A recent supplement to the GUM (GUM S1) is compared with a Bayesian analysis in terms of a particular task of data analysis, one where no prior knowledge of the measurand is presumed. For the Bayesian analysis, an improper prior density on the measurand is employed. It is shown that both approaches yield the same results when the measurand depends linearly on the input quantities, but generally different results otherwise. This difference is shown to be not a conceptual one, but due to the fact that the two methods correspond to Bayesian analysis under different parametrizations, with ignorance of the measurand expressed by a non-informative prior on a different parameter. The use of the improper prior for the measurand itself may result in an improper posterior probability density function (PDF) when the measurand depends nonlinearly on the input quantities. On the other hand, the PDF of the measurand derived by the GUM supplement method is always proper but may sometimes have undesirable properties such as non-existence of moments.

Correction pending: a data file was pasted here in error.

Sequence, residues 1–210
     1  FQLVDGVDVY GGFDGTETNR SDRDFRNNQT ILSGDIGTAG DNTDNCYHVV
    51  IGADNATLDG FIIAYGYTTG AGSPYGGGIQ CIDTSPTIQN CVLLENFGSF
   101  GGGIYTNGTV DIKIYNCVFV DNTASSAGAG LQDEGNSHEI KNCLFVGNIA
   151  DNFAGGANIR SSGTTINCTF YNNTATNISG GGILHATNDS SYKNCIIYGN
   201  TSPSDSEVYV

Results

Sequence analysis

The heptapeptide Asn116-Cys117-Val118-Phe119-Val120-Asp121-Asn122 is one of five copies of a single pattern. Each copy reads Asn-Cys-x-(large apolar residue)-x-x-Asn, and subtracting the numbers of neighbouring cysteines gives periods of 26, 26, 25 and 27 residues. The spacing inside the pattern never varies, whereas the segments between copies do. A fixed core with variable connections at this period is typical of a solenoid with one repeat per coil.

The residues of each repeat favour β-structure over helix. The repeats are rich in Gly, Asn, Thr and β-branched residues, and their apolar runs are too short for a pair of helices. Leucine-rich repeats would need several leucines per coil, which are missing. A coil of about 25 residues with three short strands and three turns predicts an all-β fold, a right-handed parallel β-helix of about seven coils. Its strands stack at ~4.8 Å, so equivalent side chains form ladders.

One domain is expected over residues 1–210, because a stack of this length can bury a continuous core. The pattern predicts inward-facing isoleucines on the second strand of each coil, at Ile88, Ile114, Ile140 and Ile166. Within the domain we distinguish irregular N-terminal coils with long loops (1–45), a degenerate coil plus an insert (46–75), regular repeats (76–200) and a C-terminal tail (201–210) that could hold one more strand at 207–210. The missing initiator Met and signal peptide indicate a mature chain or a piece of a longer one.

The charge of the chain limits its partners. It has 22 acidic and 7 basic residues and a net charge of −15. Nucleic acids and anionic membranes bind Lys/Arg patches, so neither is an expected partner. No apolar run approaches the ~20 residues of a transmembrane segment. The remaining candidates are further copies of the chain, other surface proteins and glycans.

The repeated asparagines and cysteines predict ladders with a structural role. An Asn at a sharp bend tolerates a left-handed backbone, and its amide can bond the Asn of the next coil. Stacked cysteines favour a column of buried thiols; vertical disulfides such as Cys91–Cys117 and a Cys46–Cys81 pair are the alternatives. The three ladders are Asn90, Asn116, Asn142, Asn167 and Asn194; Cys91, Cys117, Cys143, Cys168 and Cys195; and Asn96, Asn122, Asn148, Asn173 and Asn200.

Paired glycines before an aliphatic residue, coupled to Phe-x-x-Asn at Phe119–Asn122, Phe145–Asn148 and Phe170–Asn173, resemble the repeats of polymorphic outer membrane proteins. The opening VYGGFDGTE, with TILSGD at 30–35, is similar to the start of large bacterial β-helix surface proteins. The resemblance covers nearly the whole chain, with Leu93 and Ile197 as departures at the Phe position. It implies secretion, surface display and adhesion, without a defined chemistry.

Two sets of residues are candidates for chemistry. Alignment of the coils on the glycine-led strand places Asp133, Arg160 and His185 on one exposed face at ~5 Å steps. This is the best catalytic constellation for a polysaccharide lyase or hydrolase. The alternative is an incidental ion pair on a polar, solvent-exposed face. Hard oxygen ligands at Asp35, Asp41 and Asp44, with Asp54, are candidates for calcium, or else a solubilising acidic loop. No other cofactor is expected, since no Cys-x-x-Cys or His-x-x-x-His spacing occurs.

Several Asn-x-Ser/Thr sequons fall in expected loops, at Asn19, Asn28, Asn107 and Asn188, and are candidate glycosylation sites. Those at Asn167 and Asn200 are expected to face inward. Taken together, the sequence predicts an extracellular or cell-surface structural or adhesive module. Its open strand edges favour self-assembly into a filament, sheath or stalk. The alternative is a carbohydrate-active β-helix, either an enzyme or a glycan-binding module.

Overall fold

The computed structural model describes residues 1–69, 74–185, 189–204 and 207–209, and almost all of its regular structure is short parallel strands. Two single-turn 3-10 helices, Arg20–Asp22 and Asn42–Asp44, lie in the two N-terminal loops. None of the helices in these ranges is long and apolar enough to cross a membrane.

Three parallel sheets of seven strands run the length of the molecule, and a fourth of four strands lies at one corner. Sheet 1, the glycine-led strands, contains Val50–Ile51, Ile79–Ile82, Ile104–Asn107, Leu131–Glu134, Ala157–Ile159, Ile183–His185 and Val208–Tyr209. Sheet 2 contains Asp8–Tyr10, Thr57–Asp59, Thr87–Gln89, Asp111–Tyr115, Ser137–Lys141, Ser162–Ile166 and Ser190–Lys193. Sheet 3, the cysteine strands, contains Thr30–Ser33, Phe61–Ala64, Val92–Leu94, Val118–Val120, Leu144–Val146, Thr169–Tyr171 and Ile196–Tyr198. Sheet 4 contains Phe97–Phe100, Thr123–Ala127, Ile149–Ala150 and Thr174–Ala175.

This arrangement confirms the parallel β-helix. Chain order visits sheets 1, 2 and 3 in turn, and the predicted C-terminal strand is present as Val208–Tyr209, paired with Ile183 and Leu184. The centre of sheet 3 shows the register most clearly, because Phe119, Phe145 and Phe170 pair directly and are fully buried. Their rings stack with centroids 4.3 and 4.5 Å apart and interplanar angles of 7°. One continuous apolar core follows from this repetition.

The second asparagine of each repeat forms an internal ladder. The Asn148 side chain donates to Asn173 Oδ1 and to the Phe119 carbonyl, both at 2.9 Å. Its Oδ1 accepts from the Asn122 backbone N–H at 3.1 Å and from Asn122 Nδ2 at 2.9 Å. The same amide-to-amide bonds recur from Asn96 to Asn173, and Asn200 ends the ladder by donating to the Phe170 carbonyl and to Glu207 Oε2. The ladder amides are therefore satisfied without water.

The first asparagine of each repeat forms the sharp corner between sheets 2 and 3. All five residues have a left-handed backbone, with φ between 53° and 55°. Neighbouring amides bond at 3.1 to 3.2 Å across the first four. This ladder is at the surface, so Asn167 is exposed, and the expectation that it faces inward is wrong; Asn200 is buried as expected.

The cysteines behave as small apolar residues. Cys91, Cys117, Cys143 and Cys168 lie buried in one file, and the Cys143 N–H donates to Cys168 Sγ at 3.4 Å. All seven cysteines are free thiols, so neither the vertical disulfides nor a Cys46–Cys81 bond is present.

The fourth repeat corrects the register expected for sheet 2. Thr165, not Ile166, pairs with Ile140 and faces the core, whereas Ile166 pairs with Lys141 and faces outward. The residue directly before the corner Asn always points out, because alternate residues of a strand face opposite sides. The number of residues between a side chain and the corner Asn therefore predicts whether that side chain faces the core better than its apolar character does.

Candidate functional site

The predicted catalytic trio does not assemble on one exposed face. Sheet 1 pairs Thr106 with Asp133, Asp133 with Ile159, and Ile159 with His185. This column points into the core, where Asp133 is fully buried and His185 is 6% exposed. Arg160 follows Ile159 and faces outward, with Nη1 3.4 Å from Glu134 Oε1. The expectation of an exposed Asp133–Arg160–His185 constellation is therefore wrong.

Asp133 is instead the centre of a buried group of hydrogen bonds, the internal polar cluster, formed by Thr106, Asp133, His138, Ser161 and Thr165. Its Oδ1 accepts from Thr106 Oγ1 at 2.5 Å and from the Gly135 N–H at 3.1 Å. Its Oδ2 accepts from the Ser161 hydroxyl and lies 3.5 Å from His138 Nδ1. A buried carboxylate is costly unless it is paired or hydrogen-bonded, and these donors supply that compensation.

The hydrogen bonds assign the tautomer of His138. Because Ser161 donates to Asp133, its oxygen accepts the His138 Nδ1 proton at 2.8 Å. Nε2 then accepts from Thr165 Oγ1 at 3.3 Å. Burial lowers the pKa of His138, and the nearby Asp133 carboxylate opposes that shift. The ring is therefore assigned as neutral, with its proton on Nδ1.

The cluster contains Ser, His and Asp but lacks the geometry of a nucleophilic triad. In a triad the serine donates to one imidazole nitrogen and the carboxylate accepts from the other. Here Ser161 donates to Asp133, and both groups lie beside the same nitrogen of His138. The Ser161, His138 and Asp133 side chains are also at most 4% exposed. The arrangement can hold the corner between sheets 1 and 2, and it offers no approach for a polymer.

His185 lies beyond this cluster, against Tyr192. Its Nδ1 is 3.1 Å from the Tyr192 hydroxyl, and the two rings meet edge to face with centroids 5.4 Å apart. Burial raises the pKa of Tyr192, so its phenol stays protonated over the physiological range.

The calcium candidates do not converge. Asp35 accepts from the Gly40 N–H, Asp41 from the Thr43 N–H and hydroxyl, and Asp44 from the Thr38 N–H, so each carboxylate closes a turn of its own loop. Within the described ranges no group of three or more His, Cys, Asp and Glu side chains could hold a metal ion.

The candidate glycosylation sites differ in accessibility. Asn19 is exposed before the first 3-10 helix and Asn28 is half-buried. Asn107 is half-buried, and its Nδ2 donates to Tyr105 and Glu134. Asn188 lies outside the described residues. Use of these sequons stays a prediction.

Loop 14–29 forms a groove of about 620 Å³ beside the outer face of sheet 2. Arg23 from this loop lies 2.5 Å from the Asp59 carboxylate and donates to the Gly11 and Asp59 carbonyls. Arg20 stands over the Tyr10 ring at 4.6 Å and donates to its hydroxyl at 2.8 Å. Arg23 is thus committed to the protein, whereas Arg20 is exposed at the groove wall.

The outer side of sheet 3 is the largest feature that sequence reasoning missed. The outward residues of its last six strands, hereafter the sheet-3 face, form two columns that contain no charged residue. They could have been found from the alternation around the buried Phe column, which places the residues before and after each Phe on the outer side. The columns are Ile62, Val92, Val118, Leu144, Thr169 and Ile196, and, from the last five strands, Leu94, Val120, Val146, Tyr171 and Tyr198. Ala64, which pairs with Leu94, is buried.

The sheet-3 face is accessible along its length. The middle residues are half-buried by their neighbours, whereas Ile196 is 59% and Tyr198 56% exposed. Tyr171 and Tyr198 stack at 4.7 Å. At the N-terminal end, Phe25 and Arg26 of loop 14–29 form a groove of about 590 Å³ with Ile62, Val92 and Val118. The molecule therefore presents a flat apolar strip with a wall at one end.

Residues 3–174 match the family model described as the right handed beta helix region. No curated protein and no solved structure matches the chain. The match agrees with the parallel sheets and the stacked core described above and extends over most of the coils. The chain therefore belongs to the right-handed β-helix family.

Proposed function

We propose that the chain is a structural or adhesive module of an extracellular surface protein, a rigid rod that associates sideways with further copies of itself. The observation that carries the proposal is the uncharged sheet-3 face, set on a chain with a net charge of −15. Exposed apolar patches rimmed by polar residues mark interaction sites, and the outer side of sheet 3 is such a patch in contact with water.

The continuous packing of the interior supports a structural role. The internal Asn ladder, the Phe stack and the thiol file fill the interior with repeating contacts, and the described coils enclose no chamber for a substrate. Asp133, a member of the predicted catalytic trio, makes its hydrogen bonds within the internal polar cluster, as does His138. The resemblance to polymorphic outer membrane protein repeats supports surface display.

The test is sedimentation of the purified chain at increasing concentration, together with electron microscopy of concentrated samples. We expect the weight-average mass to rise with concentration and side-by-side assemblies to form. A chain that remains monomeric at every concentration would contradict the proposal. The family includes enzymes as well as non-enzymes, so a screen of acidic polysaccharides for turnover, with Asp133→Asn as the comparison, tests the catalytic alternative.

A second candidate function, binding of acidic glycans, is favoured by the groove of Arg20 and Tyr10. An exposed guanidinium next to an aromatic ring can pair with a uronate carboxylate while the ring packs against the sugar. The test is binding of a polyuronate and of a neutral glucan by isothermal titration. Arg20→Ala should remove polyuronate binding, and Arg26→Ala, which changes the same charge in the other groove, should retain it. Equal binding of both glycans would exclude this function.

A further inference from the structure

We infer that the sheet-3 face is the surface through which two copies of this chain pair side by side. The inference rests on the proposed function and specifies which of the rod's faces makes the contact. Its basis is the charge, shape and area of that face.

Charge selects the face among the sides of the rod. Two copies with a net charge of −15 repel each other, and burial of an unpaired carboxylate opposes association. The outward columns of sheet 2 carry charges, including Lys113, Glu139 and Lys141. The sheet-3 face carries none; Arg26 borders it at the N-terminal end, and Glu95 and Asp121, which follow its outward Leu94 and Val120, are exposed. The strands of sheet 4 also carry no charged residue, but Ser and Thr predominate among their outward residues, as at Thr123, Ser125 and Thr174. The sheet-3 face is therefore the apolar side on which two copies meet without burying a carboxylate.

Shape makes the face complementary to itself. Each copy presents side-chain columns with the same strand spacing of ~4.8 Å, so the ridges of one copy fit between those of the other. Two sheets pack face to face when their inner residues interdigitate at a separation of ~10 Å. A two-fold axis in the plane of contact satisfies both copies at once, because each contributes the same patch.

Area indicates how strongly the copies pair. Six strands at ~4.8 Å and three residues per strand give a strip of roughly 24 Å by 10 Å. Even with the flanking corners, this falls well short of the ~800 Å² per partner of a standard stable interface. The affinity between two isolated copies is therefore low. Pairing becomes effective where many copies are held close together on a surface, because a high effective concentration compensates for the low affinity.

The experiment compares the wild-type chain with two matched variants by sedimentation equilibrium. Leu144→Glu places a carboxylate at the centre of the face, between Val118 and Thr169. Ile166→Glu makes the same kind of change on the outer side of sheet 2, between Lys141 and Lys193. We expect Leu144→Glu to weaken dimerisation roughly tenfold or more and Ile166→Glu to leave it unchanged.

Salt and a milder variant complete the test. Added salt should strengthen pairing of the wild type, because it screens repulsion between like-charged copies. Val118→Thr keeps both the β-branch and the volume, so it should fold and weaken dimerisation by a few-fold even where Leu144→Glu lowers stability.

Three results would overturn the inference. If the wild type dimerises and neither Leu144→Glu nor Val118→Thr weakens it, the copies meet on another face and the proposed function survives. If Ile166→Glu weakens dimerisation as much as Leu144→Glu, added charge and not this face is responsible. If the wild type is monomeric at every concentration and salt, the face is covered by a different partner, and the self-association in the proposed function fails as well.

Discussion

Pub Type: Journals